Archive for June, 2010

D&D Encounters: Dark Sun (2)

30 Jun

Four encounters in, one more before we level, and Athas is still a dangerous place. I have no healing surges left going in to our final encounter against the first level boss, and of our eight players, I think we have less than four people who still have their daily power.

Our DM, while joking about trying to kill us all, is actually a great DM who tries to introduce the fear and tension without actually playing against the characters and actively trying for a total party kill.

I’m having a good time, and even getting in some role playing.

Great live performances – Concrete Blonde

29 Jun

Most of the time at a concert, you expect things to sound a little off from what you are used to on the albums. It’s the vagaries of being on tour, bad acoustics, and the fact that recordings can be touched up, at least a little bit.

Not so with Johnette Napoltiano. Twenty years after their Bloodletting album came out, the lead singer of Concrete Blonde sounds exactly the same live as she does on CD, and trust me, there was no lip synching involved.

They rocked the Showbox, and I was even inclined to forgive the 10:30pm start time.

Great live performances – Flogging Molly

29 Jun

I got us tickets to see Flogging Molly last summer more for Charles than anything else. I knew he liked them, and I didn’t hate their music, but I could not have told you for sure what their music was. We had an amazing time.

Marymoor Park is an amazing venue. They left the area that is sometimes reserved seating open as “dance” floor so that people could get close to the stage. The band had amazing energy that rivaled that of the dancers (or beat it) from beginning to end. I can’t wait until they come this way again.

Great live performances – LIVE

29 Jun

LIVE is our favorite band. We have seen them perform live four times. The first time was in Oakland at an outdoor amphitheater. The second was when they were opening for Nickelback in Vancouver. The best part was leaving before Nickelback came on and the look on the bouncer’s face when we left. We also saw them at a casino just outside Vancouver, that turned out to be a great venue, and finally, just two summers ago, at Marymoor park.

They have all been great performances, and I am sad that it looks like their current break might become permanent.

My Favorite Books – American Gods by Neil Gaiman

23 Jun

Gaiman is an incredibly talented writer, but he made a name for himself by writing about the dark side of a world disturbingly similar to ours. Read American Gods and you will know why.

The characters are incredibly well drawn and three dimensional. You care about the main character and root for him throughout, but most writers can pull that off. What sets Gaiman apart is the richness of all the other characters- not just the secondary characters but everyone in the background.

His real coupe, though, is to end the book with creepiness tempered by a touch of hope.

Cuteness as a survival skill

22 Jun

The puppy is lucky she’s cute. Tonight has been full of the barky, destruction, and peeing in the house. The peeing in the house is our fault. We closed her in our room using the child gate and mistook her scratching as simple desire to escape.

Now that summer is upon us, we have to find a way to keep her in the back of the house without turning our room into a sauna. We have the child gate on top of a giant bin. She may be able to squeeze between the wall and bin, but she hasn’t yet.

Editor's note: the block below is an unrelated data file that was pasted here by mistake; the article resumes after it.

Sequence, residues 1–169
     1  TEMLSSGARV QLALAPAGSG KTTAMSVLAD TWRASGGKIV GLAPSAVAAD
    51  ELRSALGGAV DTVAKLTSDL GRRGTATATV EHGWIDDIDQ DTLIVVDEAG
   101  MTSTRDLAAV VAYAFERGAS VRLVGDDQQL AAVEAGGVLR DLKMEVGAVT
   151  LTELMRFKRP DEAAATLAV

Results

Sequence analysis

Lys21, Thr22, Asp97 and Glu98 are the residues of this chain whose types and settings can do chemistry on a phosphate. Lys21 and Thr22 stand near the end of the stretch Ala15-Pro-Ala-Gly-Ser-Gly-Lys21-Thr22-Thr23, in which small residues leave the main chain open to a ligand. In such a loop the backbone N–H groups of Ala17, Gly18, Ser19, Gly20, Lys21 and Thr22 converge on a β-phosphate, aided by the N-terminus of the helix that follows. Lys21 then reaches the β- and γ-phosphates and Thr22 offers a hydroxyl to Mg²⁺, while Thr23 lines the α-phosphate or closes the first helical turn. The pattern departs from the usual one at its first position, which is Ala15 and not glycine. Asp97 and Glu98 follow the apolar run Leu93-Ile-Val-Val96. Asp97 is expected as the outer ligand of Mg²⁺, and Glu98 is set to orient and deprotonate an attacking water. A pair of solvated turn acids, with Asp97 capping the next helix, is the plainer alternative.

My Favorite Books – The Color of Water by James McBride

21 Jun

Back when I was an undergrad, I took a combo English/History class that focused on memoir and autobiography. One of the books we read as memoir was The Color of Water, by James McBride.

I love this book. I have loaned it out and given it as a gift multiple times. The sub-title is “A Black Man’s Tribute to his White Mother” and it is a lovely story of generations and finding a place in a world where you may not belong. The title comes from the answer the mother gives when the children ask her “What color is God?”

Ask your grandfather, he’s a kernel

20 Jun

I know that colonel is spelled, well, colonel, because my grandfather is, in fact, a colonel. But when it comes to the opportunity for a good (bad) pun, correct spelling never stopped my father.

The corn jokes started at the dinner table one night when my brother, instead of eating his corn on the cob, stood it up on the plate and declared it the “Leaning Tower of Corn.” Not a good joke or even a good pun by any stretch of the imagination. But it got my father started.

For years afterward, corn for dinner also meant corny puns.

My Favorite Books – The Myth Series by Robert Asprin

17 Jun

In honor of Fathers’ Day coming up, I want to write about bad puns– The Myth Series by Robert Asprin. I started reading them in 7th grade and quickly devoured the first five books in the series. I could relate to Skeeve and everything he was going through. Plus I loved the other characters, too.

Of the Myth Inc books, which are the ones not told by Skeeve, my favorite was Myth Inc In Action, told completely by one of Skeeve’s mob body guards.

Asprin has a great sense of character and the voices in his novels all ring true.

Alternate Historical Theories

15 Jun

We were watching one of those random History Channel shows on how ancient human civilizations were actually built using alien technology. As I am in a contrary mood, here are a couple things I would like to point out to their “experts”:

1)      “It was hard, so obviously they had something that made it easy” is not proof. I’m not certain it’s even a theory.

2)      Storytelling has been around since humans began to talk. Just because something is written in an ancient text does not make it “true”. Believe it or not, Jules Verne did not invent science fiction.

100 Words On

topics explored in exactly 100 words